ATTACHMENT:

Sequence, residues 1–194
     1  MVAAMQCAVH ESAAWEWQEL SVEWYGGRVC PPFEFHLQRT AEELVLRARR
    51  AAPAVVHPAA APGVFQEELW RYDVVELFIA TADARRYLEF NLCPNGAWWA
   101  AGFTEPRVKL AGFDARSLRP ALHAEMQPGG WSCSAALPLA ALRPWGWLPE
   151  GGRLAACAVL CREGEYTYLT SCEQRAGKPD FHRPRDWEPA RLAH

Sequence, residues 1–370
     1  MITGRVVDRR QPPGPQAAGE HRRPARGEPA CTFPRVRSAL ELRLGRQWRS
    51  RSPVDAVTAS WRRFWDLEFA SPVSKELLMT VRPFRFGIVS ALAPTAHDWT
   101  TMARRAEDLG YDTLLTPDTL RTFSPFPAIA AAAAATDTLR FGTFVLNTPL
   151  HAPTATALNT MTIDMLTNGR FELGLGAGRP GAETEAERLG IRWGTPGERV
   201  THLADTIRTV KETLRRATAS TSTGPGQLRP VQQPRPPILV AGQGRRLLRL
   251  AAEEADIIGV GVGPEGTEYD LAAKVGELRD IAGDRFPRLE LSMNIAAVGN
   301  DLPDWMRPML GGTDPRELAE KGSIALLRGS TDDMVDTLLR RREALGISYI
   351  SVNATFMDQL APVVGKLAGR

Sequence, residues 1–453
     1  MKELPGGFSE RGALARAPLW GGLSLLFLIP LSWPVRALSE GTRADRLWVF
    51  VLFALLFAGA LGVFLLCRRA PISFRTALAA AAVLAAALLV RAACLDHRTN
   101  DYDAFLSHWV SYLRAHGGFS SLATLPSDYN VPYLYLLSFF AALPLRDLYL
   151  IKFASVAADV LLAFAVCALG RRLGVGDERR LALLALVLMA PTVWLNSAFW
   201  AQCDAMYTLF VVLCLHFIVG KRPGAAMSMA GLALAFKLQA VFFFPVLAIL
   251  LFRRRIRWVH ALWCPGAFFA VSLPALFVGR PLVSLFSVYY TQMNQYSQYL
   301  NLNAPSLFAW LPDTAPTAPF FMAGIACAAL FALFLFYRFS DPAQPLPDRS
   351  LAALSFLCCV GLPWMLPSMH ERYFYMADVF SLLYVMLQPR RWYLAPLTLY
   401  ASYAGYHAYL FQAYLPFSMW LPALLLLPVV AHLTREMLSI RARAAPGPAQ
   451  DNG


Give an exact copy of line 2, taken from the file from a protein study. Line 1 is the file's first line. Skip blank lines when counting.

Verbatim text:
     1  MVAAMQCAVH ESAAWEWQEL SVEWYGGRVC PPFEFHLQRT AEELVLRARR